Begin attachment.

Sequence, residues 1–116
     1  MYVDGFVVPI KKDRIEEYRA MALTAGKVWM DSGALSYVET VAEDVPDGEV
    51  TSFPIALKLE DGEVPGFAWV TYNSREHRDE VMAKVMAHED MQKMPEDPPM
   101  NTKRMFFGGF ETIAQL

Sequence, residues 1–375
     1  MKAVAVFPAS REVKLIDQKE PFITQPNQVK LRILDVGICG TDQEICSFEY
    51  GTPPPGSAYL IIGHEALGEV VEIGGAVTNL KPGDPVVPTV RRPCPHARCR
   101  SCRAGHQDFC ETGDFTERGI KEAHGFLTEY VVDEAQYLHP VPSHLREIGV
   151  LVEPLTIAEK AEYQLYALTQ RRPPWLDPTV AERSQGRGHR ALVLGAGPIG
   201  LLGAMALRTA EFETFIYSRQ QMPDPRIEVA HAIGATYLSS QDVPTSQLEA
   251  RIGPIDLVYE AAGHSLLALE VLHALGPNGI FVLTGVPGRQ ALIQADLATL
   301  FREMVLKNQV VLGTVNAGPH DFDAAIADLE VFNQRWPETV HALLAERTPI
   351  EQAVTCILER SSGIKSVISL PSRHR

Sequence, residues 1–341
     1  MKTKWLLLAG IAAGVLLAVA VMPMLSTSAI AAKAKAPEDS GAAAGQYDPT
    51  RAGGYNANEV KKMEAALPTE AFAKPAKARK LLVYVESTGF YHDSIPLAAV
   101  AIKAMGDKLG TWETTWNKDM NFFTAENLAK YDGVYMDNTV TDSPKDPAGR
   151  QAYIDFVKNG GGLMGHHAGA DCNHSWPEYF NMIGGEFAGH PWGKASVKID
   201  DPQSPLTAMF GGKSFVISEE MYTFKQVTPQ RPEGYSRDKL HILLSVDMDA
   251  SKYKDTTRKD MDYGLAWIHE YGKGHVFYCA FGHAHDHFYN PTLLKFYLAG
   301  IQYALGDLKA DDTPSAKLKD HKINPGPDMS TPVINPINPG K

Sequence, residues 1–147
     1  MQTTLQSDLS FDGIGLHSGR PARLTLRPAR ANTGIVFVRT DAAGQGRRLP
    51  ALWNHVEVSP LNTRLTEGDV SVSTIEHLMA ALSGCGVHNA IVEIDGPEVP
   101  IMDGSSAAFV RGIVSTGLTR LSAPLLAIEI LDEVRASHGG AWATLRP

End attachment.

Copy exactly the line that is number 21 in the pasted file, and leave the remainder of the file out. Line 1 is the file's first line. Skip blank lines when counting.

   301  IQYALGDLKA DDTPSAKLKD HKINPGPDMS TPVINPINPG K